The judiciary is composed of the Supreme Court and other lower courts. The Supreme Court is the court of last resort, and decides on constitutionality of laws via judicial review. The president selects justices and judges from nominees given by the Judicial and Bar Council. The Court of Appeals is the second highest appellate court, the Court of Tax Appeals rules on tax matters, and the Sandiganbayan (People's Advocate) is a special court for alleged government irregularities. The Regional Trial Courts (RTC) are the main trial courts. The Regional Trial Courts are based on judicial regions, which almost correspond to the administrative regions. Each RTC has at least one branch in each province and handles most of the criminal and civil cases; several branches of an RTC may be designated as family courts and environmental courts. Metropolitan Trial Courts try lesser offenses.
The Ombudsman investigates and prosecutes government officials on crimes while in dispensing powers given by the government. The Office of the Solicitor General represents the government in legal cases.
Elections are administered by the Commission on Elections (COMELEC). The elected officials are the president, vice president, members of Congress, regional governors and assemblymen, provincial governors, vice governors and board members, city and municipal mayors, vice mayors and councilors, and barangay (village) chairmen and councilors. Elections are for fixed terms. All elected officials have three-year terms, except for the president, vice president and senators, which are six years. All terms begins and ends on June 30 of the election year.
Elections above the barangay level are held every three years since 1992 on the second Monday of May, all positions are disputed except for president and vice president; presidential and vice presidential elections are held every six years since 1992. Single-winner elections are done via the plurality voting system: the candidate with the highest number of votes is elected. Multiple-winner elections, except for representatives elected the party-list system, are done via plurality-at-large voting. Each voter has x votes, with the x candidates with the highest number of votes being elected. For representatives elected the party-list system, a party that won at least 2% of the national vote wins one seat, with additional seats, but not exceeding three seats, depends on the number of votes it received. If the number of sectoral representatives does not reach 20% of the membership of the House of Representatives, parties with less than 2% of the vote are given a seat each until the 20% membership is filled.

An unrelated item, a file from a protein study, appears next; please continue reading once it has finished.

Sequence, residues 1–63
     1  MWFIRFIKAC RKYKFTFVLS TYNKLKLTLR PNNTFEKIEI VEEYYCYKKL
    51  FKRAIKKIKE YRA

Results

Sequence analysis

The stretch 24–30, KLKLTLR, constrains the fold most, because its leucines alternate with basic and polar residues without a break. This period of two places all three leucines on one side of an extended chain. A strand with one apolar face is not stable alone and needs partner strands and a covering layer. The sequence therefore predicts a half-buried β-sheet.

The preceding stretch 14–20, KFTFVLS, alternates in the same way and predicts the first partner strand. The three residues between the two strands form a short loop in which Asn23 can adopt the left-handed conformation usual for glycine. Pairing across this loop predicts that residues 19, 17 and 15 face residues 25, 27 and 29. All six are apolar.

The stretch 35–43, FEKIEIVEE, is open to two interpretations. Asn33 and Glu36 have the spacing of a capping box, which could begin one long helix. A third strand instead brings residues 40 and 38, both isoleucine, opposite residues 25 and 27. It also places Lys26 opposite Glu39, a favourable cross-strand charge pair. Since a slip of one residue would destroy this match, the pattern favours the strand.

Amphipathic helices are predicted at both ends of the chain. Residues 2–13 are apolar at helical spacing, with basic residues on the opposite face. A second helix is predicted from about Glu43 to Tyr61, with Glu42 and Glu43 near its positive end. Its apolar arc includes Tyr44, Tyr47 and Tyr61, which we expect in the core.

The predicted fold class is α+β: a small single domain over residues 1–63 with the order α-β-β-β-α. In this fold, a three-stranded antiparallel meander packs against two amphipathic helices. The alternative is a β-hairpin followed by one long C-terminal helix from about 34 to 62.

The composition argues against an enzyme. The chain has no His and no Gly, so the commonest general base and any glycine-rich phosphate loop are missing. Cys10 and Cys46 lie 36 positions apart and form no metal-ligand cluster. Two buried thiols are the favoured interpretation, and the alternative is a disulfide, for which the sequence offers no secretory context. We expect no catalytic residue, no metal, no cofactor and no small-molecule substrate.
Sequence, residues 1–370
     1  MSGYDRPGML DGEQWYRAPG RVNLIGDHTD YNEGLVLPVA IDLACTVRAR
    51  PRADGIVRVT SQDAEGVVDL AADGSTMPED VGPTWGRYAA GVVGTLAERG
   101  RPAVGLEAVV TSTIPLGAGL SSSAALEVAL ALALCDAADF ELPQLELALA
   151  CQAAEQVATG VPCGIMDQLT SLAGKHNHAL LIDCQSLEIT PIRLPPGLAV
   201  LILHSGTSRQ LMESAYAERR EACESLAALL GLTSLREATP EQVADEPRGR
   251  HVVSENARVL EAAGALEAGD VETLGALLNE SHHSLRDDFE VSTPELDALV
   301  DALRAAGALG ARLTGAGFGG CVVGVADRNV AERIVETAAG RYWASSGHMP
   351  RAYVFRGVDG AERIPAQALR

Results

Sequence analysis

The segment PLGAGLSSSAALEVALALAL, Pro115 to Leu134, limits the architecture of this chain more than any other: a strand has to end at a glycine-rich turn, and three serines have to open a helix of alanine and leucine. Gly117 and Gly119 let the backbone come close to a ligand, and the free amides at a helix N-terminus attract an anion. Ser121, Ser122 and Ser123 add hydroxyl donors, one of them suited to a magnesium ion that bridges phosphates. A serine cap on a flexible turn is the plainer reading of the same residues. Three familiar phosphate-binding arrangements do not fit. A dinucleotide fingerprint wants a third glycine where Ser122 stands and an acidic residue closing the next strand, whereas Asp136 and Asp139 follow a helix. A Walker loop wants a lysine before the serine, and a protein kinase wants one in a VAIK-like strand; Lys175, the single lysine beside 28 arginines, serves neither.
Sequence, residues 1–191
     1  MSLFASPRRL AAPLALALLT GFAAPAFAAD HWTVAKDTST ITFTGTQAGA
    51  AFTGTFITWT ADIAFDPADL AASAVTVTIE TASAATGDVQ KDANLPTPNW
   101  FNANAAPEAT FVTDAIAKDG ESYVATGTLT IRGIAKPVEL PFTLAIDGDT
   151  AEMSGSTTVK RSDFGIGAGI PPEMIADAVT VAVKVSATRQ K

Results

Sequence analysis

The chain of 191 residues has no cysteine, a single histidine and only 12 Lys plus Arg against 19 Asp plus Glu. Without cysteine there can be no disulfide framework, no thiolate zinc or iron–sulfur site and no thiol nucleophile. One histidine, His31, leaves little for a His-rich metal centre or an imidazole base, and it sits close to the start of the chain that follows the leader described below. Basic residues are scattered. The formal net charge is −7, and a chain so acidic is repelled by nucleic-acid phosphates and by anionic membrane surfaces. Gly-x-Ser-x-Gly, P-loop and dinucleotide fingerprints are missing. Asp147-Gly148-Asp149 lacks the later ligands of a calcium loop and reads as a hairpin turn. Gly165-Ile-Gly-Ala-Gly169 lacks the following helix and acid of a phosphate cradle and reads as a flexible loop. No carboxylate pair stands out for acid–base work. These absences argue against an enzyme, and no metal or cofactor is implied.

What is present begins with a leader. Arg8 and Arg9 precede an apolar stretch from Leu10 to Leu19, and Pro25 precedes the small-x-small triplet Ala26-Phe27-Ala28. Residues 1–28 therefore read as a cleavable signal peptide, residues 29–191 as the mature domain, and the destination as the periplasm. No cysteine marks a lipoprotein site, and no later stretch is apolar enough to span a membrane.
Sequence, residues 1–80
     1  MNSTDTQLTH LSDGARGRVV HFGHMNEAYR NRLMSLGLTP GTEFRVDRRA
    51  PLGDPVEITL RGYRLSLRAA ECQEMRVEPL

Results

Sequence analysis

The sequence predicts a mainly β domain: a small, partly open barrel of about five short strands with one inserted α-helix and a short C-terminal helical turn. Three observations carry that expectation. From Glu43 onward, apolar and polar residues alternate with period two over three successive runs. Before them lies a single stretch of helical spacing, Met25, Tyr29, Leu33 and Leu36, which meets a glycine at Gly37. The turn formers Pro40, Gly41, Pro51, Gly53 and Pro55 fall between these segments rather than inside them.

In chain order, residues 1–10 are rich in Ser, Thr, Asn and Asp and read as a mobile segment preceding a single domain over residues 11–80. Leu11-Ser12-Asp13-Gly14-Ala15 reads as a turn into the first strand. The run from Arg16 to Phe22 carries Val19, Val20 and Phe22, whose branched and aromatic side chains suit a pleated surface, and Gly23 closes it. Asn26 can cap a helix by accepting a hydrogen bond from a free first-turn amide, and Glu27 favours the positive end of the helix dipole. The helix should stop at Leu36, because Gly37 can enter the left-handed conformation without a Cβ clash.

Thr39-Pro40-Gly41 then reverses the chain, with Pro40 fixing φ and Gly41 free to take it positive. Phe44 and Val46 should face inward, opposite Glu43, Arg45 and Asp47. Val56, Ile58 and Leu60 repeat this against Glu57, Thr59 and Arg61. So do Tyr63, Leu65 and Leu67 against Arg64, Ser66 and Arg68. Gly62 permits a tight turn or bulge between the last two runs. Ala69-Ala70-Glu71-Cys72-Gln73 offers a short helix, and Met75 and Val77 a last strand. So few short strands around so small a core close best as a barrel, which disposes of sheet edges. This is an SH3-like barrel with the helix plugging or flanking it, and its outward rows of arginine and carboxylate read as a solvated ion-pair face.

Latest presidential election 
|Benigno Aquino III||Liberal||15,208,678||42.08%|
|Eddie Villanueva||Bangon Pilipinas||1,125,878||3.12%|
|John Carlos de los Reyes||Ang Kapatiran||44,244||0.12%|
|Total valid votes||36,139,102||94.73%|
|Vetallano Acosta[p 1]||KBL||181,985||0.48%|
|Total invalid votes||2,010,269||5.27%|
- Disqualified after the ballots were printed. All of his votes are considered spoiled
Latest vice presidential election 
|Jejomar Binay||PDP-Laban[v 1]||14,645,574||41.65%|
|Loren Legarda||NPC[v 2]||4,294,664||12.21%|
|Perfecto Yasay||Bangon Pilipinas||364,652||1.04%|
|Dominador Chipeco, Jr.||Ang Kapatiran||52,562||0.15%|
|Total valid votes||35,165,555||92.18%|
|Total invalid votes||2,983,816||7.82%|
- Binay is Joseph Estrada's (PMP) guest candidate for vice president.
- Legarda is Manny Villar's (Nacionalista) guest candidate for vice president.
Latest Senate election 
|Total||%||Swing||Entered||Up||Not up||Won||Won in 2007||End 14th||15th||+/−|
|Liberal (Liberal Party)||78,227,817||26.34%||15.62%||10||2||2||3||4||4||4||17%|
|Nacionalista (Nationalist Party)||49,585,503||16.69%||6.61%||7||1||2||2||4||3||4||17%||1|
|PMP (Force of the Filipino Masses)||47,111,982||15.86%||15.86%||5||2||0||2||2||2||2||8%|
|Lakas-Kampia (People Power-Christian Muslim Democrats-Partner of Free Filipinos)||38,123,091||12.83%||13.84%||6||2||2||2||4||4||4||17%|
|PRP (People's Reform Party)||17,344,742||5.84%||5.84%||1||1||0||1||1||1||1||4%|
|NPC (Nationalist People's Coalition)||13,409,616||4.51%||13.61%||2||0||1||1||2||1||2||8%||1|
|PDP-Laban (Philippine Democratic Party-People's Power)||6,635,023||2.23%||1.85%||2||1||0||0||1||1||0||0%||1|
|Bangon Pilipinas (Rise Up, Philippines)||6,486,749||2.18%||2.18%||9b||0||0||0||0||0||0||0%|
|PROMDI (Provinces First Development Initiative)||3,980,370||1.34%||1.34%||1||0||0||0||0||0||0||0%|
|Bayan Muna (Nation First)||3,539,345||1.19%||1.19%||1||0||0||0||0||0||0||0%|
|GAD/Gabaybayan (Grand Alliance for Democracy/Guide to the Nation)||3,331,083||1.12%||1.12%||1||0||0||0||0||0||0||0%|
|KBL (New Society Movement)||2,769,847||0.93%||0.03%||4||0||0||0||0||0||0||0%|
|Ang Kapatiran (Alliance for the Common Good)||2,486,241||0.84%||0.14%||7||0||0||0||0||0||0||0%|
|LDP (Struggle of the Democratic Filipinos)||Not participating||0||1||0||1||1||1||4%|
|Bagumbayan-VNP (New Nation-Volunteers for a New Philippines)||Not participating||1||0||0||0||1||0||0%||1|
^a Votes and seats for KAMPI and Lakas-CMD in 2007, which were running on a common ticket, were combined; KAMPI and Lakas-CMD later merged in 2008.
^b Including Imelda Papin and Zosimo Paredes who switched from KBL and Ang Kapatiran respectively to Bangon Pilipinas.